“No sexual activity should be outlawed, even adult rape can be tolerated if there are no bruises.”

    Have you ever been raped, Mr Polatnick?

  17. This is what I would say to that woman.

    There is blood on the hands of those who would refuse to support the monogamous love between two people of the same sex.  That hurts the depressed young gay person the most – many of whom end up as suicides. You don’t even care about the principle. For you lot, Jesus who took responsibility for writing the Old Testament through divinely inspired men has the last word.  He said that not a dot of it would pass away until God fulfilled it – meaning God fully approves of it. And you should be aware that it reports God as saying homosexuality is an abomination that must be purged from the midst of the people by stoning homosexuals to death.  And then we have Jesus himself indicating and authorising the apostles to preach with his authority that homosexuality is a mortal sin that will lead to everlasting exclusion from God in Hell. Jesus was to blame. Views like that are not tolerable. One can believe its wrong without going that far. Teaching that same sex sexual love-making is mortally sinful forces you to exaggerate any problems there could be. For example, you would argue that if it is okay then why not allow incest under certain conditions? You claim it is evil and it will lead to more evil which is why it is so bad. You have to look for excuses for condemning it for as many things as possible.  Please don’t pretend you do not hate. Violent scriptures should be rejected and disdained outright without excuse. A vote for Jesus is a vote for homophobia in the worst sense of the word even if you don’t know that he was a bigot. The Church by upholding a homophobic God and Son of God is guilty of at least leading the people into implicit or indirect homophobia.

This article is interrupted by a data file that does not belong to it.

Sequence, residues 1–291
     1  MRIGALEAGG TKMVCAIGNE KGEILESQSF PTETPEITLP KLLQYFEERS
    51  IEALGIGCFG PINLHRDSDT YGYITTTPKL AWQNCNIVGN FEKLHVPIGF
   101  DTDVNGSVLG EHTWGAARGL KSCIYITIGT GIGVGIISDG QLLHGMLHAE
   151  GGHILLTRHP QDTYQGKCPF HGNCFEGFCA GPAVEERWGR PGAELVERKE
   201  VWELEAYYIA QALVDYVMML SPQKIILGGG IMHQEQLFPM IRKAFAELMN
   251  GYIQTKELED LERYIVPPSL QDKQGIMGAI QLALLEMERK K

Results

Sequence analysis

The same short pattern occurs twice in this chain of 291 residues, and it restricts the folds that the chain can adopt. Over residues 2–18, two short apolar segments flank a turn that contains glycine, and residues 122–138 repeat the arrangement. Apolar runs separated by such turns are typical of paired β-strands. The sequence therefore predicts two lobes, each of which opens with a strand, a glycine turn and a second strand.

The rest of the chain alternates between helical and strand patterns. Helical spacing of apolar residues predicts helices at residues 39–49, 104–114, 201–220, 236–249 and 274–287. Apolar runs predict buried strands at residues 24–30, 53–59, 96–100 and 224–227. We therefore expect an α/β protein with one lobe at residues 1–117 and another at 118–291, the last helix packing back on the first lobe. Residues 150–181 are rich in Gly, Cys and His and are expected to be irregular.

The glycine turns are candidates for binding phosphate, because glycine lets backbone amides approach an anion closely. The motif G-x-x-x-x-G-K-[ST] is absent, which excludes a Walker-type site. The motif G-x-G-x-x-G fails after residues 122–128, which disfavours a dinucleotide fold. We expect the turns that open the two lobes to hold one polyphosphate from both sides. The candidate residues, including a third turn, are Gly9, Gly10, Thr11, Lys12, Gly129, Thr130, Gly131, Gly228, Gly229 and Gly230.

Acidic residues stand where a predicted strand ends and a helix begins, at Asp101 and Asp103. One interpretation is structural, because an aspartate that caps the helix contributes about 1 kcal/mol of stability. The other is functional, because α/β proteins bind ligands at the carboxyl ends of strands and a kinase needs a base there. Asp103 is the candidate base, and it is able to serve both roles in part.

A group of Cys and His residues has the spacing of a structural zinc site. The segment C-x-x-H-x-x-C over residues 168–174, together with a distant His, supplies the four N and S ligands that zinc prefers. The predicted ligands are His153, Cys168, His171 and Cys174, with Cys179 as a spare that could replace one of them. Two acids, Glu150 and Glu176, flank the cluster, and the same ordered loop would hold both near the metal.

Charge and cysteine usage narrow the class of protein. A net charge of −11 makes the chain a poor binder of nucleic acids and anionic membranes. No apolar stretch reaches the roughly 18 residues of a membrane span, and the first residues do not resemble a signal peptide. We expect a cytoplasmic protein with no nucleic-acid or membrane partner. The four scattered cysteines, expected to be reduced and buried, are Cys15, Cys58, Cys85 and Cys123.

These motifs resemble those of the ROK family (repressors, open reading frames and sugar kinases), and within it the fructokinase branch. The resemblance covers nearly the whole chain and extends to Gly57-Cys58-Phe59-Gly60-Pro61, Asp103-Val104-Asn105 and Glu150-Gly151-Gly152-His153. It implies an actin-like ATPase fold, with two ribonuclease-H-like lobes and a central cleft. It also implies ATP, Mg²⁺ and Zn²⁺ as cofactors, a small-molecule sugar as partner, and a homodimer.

Don’t start this, “We treat LGBT people with compassion” crap.  Your compassion is patronising to LGBT people who don’t believe they are doing anything morally wrong for you think they are and you think it is seriously wrong and you know better. Your condescending compassion is repulsive. Your compassion as a Christian is primarily, “Okay the priority is having them respond to our understanding of God because they need repentance in case they go to Hell and that is infinitely bigger than any problem they may have”. That is not compassion but patronising religious bigotry. Do not deceive LGBT people with your compassion – I mean do not let them think it is because you primarily care about their life problems not the alleged danger of Hell.  If gay sex is wrong then it is wrong but do not try to make out it is more wrong than what it is. Do not make out that it is an insult to the infinite love of God and worthy of eternal damnation! Do not make out it is spiritual murder.

    You refer to Old Testament texts that condemn homosexuality. To use texts from violent scriptures even the non-violent texts implies that you are not very upset about the violence. You are treating the text as a source of authority – of a supernatural authority that supposedly knows better than we do. You are still honouring that text – if you were disgusted by the violence you would be looking elsewhere for an authority to condemn homosexuality.

    You are a bigot!